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Pub jan navigating the permacrisis through quality 2

Navigating the permacrisis through quality journalism

Published: 03 Jan 2023

2022 saw Russia invading Ukraine, Elon Musk purchasing Twitter, a global cost of living crisis, and Donald Trump announcing his intention to run for President of the USA. Against a backdrop of seemingly perpetual uncertainties, quality news publishers play an important role in continuing to inform and educate their audiences.

As we look forward to 2023 and beyond though, what emerging trends will be making waves? And how can advertisers partner with publishers credibly in a way that strengthens the broader digital ecosystem? We reached out to three of our publishers to discover their perspective on the changing digital landscape, how journalism is responding, and how advertisers can interact safely.

Destabilisation of media platforms

After a decade of growth, there are shockwaves rippling through social media platforms. “This year is ending with some serious volatility on the platforms that many publishers have come to rely on,” highlighted Nick Mitchell, Editor at NationalWorld. “Elon Musk’s Twitter is the most newsworthy example, but Meta too is clearly moving away from news.”

Musk’s Twitter looks increasingly on the edge of implosion, with a brutal wave of layoffs that saw the company losing almost two-thirds of its staff and half of Twitter’s top 100 advertisers pulling their advertising from the platform. Meta has made several statements that they would ban news on that platform in response to acts that would require Facebook to pay for including news on its platform. Meta also laid off over 11,000 employees in November as the company continues to lose substantial sums of money.

In the resulting void, it seems likely that TikTok will continue to grow, although publishers and advertisers alike are still identifying how they want to interact on the platform. However, it’s increasing role in shaping global strategies cannot be discounted – as Steve Wilson-Beales, Co-Chair of the AOP’s Journalism Advisory Board, told us, “we should all start preparing ourselves for the first TikTok presidential election in 2024.” In search, Google continues to increase the rate of its key updates and as Steve shared, “we are likely to see more peaks and troughs in search visibility than on my recent visit to the Scottish Highlands.”

The role of quality journalism in the future of the internet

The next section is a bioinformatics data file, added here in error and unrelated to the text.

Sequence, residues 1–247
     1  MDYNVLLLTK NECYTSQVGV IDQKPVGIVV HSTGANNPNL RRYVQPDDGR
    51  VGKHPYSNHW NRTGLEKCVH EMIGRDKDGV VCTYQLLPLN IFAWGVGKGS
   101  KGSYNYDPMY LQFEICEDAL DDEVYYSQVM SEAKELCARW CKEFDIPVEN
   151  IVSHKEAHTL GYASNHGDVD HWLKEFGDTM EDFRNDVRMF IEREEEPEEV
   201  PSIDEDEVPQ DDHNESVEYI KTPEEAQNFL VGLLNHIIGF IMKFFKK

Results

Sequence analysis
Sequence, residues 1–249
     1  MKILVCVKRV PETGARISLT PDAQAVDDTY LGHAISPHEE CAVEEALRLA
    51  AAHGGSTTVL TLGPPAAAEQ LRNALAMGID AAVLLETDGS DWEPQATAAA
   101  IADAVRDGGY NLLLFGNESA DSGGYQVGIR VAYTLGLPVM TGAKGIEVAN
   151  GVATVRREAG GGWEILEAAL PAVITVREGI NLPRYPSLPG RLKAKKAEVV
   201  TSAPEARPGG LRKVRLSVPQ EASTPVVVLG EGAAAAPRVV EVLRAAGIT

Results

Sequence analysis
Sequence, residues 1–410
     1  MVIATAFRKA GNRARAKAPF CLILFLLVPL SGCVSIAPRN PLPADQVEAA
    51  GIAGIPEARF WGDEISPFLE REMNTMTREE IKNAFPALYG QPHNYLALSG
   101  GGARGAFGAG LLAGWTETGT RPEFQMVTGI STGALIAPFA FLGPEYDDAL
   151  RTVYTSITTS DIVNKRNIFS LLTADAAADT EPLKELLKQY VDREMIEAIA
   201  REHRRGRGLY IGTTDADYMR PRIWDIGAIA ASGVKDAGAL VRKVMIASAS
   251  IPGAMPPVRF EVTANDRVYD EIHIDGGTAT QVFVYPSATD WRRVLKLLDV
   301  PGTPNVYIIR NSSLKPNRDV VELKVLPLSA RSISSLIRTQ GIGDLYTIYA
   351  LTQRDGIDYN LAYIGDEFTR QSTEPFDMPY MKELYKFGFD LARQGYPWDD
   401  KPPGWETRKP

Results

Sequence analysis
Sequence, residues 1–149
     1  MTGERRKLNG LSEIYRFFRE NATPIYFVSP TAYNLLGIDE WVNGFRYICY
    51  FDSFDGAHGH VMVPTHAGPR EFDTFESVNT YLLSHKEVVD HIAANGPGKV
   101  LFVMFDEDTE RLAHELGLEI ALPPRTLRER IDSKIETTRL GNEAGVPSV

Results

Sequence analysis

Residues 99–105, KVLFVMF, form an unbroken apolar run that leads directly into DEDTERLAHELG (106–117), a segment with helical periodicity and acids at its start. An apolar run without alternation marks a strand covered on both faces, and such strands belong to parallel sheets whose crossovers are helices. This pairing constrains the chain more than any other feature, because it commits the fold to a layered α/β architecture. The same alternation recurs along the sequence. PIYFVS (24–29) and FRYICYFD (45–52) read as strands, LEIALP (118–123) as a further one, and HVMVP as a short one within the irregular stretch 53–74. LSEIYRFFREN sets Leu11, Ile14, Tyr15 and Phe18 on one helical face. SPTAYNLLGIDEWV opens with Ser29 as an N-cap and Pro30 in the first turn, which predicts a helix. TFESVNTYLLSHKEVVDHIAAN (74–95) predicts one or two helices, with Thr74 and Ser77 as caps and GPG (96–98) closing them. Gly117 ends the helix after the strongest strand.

“If the Twitter debacle has proved anything,” Steve Wilson Beales mused, “it’s a reminder that humans are the key decision makers in these social media companies, and not the algorithms. And in 2023, journalism will continue to walk the problematic path of shining a light on these powerful individuals

Quality digital publishing is integral to creating trusted relationships with audiences at a time when trust in being eroded. Fear of false information being weaponised is at an all-time high according to the 2022 Edelman Trust Barometer and promoting and protecting factual, well-sourced, and ethical journalism is more essential than ever.

However, digital publishing also has an important role in combating the semi-permanent sense of feat and dread. A 2022 Reuters Institute study showed that 46% of Britons selectively avoid the news at least some of the time because it has a negative effect on their mood. “It has never been more important to share a sense of optimism, hope, and community,” enthused Sophie Vokes-Dudgeon, Head of Digital at HELLO! magazine. “The next 12 months are likely to be tough for our community, still bruised from the last few years of loss and uncertainty, negativity bombarding them on almost every front. Happiness is more than a zeitgeist topic.”

Engaging with brand-safe quality journalism

How then are publishers responding to these new challenges? And how can advertisers find credible ways to engage with topics of increasing importance?

In their Media Moments 2022 report, What’s New In Publishing calls for a greater adoption of ‘solutions journalism’ that provides more optimism and confidence to navigate challenging topics. For example, while climate coverage is becoming increasingly mainstream due to renewed journalistic effort, angles that avoid sensationalism and give readers the tools to make positive changes in their own lives will likely be better received. This also provides a number of avenues for brands who want to highlight their ESG credentials to place advertisements in contextually relevant places. Beyond that, contextually relevant ads also significantly boost brand favourability and consumer purchase intent according to recent research from IAS.

However, publishers continue to innovate to find new ways to serve their audiences and deliver against advertisers’ requirements. “If we give in to ways of doing journalism that placates ‘what the algorithms want’ then we close the door to innovation,” suggested Steve Wilson-Beales.